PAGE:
I’m on the record at various places on this blog as warning about future hiccups in Church growth. Medium-term, I think we need to reconcile ourselves to a world where the center of traditional Church strength enters a period of no or negative growth for the foreseeable future. Additionally, as developing countries become developed countries the higher levels of growth in other areas of the world will taper off as well. (However, a few months ago I was on the record as predicting that Church growth would be under 1% this year, and I was wrong).
However, for various reasons I’m optimistic about Church growth in the long-run. I’ve alluded to this elsewhere, but if your belief system thrives in places that are thriving and reproducing, and is in a decline in places that are in decline, then the fundamentals are strong even if the Church may ebb and flow temporarily throughout time and space.
When people are promoting a particular worldview or ideology, one seemingly random question I ask in the back of my head is what the birthrate of that ideology’s community is. If it is not at or above replacement, then in addition to not fulfilling the most basic reproductive imperative it’s also a non-starter in terms of whether it’s fundamentally viable. It can survive or even flourish, but its continued existence is a testament to the intrinsic, existential contradiction that its own survival is dependent on the people essentially created by competing ideological systems.
The fertility differential between conservative believers and others are so stark it sometimes seems like the only ones who will be around in the next generation are RadTrad Catholics or Hutterites. As an overly simplistic back-of-the-envelope exercise, there are some religious groups that seem more resistant to the demographic transition forces that are fun to speculate about. For example, the Amish have a doubling time of 20 years. (It’s numbers like this that led to a small band of religious exiles from Illinois becoming 1% of the US population in 150 years). There are about 350,000 Amish; at that rate then in 100 years there will be about as many Amish then as there are Pennsylvanians now, and then 100 years after that there will be more Amish than there are Americans now.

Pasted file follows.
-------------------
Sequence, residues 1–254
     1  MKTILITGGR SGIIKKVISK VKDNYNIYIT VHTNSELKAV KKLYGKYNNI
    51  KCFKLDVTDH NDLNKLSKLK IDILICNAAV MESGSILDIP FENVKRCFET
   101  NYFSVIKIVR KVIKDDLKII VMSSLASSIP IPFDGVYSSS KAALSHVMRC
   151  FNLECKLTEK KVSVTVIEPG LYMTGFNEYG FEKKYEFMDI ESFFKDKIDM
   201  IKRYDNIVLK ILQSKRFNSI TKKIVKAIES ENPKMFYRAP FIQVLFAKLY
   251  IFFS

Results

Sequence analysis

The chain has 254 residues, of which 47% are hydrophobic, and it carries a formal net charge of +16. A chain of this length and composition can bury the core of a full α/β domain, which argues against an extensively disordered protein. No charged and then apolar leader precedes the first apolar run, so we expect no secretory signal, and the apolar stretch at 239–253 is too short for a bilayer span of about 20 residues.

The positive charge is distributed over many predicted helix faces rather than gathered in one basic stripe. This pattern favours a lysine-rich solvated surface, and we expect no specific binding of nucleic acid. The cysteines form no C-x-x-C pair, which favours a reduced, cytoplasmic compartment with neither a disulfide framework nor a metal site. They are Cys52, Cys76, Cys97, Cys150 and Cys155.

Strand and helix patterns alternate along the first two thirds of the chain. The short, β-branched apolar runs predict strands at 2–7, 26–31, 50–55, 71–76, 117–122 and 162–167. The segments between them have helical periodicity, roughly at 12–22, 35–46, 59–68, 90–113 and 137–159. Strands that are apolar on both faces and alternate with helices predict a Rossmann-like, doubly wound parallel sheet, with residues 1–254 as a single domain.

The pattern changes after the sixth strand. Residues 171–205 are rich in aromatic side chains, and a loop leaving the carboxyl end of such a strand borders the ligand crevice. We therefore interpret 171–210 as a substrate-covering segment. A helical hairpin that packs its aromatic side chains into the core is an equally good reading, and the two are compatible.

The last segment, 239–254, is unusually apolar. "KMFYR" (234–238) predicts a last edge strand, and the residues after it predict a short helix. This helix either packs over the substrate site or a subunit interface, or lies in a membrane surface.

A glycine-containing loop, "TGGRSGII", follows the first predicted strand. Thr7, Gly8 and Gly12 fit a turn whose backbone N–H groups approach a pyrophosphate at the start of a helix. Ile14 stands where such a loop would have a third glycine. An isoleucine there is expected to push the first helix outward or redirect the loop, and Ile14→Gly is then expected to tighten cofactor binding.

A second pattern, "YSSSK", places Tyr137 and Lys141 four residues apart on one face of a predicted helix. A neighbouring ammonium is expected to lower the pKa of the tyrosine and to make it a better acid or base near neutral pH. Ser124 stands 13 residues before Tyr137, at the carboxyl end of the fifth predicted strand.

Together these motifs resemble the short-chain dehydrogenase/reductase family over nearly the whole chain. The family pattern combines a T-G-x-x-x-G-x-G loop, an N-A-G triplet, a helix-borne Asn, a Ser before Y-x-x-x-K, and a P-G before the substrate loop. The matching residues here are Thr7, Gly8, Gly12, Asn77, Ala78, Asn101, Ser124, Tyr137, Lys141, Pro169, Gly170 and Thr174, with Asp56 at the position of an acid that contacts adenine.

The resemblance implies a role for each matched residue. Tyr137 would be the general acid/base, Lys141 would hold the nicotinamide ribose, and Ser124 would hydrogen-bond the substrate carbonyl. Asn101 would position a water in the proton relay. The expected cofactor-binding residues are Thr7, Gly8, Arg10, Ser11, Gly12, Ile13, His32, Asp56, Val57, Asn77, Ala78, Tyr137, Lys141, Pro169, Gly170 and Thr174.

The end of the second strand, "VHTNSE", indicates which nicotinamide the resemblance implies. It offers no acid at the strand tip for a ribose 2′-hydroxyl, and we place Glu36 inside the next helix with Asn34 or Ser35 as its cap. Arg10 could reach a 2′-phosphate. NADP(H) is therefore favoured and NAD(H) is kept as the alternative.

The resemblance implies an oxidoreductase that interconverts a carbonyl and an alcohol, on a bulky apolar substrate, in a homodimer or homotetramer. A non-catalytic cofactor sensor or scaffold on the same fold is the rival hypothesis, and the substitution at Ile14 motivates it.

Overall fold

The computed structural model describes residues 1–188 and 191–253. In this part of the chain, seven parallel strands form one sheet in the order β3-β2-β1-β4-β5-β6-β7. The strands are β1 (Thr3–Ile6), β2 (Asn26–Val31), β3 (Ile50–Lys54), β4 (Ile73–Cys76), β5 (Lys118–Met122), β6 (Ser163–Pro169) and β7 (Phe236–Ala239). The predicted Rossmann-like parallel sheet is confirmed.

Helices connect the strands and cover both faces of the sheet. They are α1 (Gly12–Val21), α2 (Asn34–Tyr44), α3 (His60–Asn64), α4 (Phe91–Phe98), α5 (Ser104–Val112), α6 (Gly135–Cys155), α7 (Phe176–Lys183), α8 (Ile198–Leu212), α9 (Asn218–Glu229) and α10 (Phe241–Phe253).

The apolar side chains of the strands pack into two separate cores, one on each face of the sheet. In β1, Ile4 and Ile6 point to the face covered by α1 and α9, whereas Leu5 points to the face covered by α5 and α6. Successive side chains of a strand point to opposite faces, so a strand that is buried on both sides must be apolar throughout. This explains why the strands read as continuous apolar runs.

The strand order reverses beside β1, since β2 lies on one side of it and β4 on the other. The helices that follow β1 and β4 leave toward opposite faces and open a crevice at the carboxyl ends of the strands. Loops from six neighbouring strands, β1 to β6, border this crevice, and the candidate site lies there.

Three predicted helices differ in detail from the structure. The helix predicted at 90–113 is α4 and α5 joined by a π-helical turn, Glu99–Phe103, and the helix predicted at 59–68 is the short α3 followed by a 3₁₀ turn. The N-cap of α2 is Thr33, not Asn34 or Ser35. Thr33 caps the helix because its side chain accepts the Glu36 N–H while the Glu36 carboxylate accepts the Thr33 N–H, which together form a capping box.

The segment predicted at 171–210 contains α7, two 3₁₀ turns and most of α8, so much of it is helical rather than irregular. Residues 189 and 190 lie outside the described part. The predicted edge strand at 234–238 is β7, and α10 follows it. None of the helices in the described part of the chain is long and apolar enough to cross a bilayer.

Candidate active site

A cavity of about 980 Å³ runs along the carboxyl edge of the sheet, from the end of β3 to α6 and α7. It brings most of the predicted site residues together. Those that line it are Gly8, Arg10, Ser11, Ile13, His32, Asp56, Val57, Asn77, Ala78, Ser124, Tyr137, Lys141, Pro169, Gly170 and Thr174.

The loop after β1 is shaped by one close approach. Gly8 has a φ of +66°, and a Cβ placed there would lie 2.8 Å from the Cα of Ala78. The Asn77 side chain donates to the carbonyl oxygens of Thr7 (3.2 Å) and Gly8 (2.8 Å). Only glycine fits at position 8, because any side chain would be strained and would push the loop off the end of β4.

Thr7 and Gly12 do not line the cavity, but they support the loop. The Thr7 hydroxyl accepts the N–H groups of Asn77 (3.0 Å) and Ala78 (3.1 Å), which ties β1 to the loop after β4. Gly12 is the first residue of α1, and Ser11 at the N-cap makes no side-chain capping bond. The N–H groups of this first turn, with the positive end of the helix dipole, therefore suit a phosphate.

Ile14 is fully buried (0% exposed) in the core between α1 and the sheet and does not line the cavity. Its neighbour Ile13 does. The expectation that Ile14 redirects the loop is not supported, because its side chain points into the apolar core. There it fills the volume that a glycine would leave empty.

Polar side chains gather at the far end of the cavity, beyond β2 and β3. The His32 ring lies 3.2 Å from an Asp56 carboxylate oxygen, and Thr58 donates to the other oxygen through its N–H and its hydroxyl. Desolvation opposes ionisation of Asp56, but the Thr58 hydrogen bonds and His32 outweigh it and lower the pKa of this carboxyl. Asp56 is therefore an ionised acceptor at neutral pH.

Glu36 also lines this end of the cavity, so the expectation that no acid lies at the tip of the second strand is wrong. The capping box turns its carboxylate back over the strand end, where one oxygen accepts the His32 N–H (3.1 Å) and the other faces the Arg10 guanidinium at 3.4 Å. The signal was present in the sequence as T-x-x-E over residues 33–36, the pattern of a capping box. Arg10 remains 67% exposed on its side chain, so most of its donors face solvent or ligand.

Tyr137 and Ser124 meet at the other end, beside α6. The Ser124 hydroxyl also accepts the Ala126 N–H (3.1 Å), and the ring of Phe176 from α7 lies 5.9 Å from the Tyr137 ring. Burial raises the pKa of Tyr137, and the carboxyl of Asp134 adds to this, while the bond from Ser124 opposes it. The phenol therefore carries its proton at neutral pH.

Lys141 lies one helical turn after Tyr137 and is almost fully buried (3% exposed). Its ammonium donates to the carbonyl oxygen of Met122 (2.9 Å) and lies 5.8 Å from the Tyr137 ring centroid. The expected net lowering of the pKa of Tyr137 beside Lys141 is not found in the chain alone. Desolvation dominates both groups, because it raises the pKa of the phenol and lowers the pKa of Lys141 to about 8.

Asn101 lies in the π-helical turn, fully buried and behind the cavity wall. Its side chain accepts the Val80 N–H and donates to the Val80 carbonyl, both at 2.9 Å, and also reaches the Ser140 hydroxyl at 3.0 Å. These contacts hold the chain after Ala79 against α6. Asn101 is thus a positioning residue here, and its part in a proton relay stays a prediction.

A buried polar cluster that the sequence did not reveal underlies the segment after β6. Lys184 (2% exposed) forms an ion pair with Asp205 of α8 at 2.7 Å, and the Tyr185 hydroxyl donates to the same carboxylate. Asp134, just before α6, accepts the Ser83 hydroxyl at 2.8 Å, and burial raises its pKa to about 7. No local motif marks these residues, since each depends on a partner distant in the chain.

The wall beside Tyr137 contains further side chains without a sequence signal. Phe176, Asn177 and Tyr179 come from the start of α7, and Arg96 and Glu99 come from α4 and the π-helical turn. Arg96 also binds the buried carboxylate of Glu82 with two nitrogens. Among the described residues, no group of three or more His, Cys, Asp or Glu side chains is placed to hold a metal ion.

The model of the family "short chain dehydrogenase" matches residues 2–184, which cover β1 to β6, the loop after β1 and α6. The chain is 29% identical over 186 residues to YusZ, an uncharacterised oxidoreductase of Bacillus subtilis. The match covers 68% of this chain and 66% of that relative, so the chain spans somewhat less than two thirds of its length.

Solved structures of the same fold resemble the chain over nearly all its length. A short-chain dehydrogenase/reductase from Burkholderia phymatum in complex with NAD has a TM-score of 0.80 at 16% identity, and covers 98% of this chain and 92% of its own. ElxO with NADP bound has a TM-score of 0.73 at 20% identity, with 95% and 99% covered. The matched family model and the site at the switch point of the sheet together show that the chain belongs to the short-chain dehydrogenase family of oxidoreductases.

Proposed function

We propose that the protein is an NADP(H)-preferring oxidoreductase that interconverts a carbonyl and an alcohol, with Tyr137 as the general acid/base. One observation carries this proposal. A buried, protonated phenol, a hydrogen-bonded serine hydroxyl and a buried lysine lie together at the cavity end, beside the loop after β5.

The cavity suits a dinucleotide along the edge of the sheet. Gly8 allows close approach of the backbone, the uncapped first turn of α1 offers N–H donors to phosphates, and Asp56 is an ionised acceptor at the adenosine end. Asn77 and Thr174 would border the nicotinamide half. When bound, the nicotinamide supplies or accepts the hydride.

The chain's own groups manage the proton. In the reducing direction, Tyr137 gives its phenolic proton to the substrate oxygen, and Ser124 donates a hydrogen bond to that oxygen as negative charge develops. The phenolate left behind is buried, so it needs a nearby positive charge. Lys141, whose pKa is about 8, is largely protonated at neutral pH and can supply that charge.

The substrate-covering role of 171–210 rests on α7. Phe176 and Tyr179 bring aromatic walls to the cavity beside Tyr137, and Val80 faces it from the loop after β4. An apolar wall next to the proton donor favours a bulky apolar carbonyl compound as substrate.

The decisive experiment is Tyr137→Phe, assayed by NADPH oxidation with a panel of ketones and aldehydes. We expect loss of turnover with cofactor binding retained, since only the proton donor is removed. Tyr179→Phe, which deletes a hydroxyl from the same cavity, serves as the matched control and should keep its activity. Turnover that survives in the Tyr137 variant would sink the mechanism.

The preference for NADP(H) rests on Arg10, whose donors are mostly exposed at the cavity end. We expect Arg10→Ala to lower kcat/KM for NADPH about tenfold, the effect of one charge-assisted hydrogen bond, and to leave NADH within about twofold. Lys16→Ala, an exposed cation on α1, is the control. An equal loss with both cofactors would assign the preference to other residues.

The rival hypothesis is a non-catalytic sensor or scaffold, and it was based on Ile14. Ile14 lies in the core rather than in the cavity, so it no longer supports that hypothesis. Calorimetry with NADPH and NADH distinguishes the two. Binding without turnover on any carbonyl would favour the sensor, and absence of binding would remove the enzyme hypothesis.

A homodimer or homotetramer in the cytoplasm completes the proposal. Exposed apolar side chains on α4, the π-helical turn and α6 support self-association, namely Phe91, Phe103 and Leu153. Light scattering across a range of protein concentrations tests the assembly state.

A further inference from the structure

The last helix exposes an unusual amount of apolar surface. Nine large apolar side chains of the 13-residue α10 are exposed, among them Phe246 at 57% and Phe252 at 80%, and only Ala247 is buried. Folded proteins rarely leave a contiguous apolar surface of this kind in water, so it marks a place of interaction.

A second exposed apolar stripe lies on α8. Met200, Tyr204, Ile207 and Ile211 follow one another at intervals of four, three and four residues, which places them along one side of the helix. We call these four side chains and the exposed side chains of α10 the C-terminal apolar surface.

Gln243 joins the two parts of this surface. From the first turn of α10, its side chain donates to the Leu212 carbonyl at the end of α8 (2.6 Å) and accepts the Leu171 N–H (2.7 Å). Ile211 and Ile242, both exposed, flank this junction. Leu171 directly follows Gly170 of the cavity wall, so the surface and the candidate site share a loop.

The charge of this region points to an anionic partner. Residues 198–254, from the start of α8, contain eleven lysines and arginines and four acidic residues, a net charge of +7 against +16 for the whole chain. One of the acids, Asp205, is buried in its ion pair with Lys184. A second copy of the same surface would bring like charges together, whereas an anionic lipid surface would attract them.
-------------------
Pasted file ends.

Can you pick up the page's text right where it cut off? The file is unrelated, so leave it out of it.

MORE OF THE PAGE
Of course 200 years is a long time for something to happen or things to change so I am not making the claim that in 200 years half of the US will be agrarian Anabaptists. Still, it shows the power of growth in highly religious subcultures, and there’s a good case to be made that differentials like this is how Christianity took over the Roman empire in 300 years. (Of course, we don’t enjoy such rates, but comparing those rates to virtually any group that is less traditional in their orientation mitigates against the idea that loosening up or liberalizing will help Church growth, even in the developed world.)
Of course, there is a question whether the family size difference will be enough to swim uphill against particular ideological and social trends working against religious devotion, but such pressures ebb and flow in the long run, but religious/traditional people having more babies has been a pretty consistent given since reliable family planning became a thing, and once people opt out of religion they become part of a community that isn’t replacing itself. Headwinds come and go, but the fundamental forces grind on.
While you have to be careful when going in this direction, I’m even open to there being a genetic component to all of this: as religiosity has been shown to have a genetic component, and religious people have more children (and generally live longer), then over time things like belief in God that I suspect has a visceral, almost biological component will increase. (I published a speculative paper on the math involved with larger families begetting more large families and what it means evolutionarily).
Additionally, while many people will leave organized religion as the world opens up, opportunity costs grow, and Church membership becomes more of a choice rather than a habit or inertially driven behavior, those that stay will be provide for a more spiritually-rooted Church, and I believe the fruits of the gospel will become more apparent to those who have ears to hear. As President Eyring said last weekend:
The rising generation will become the nurturers of the generation to follow. The multiplier effect will produce a miracle. It will spread and grow over time, and the Lord’s kingdom on earth will be prepared and ready to greet Him with shouts of hosanna.
I believe he was speaking prophetically here, and that the best days of Church growth are ahead of us.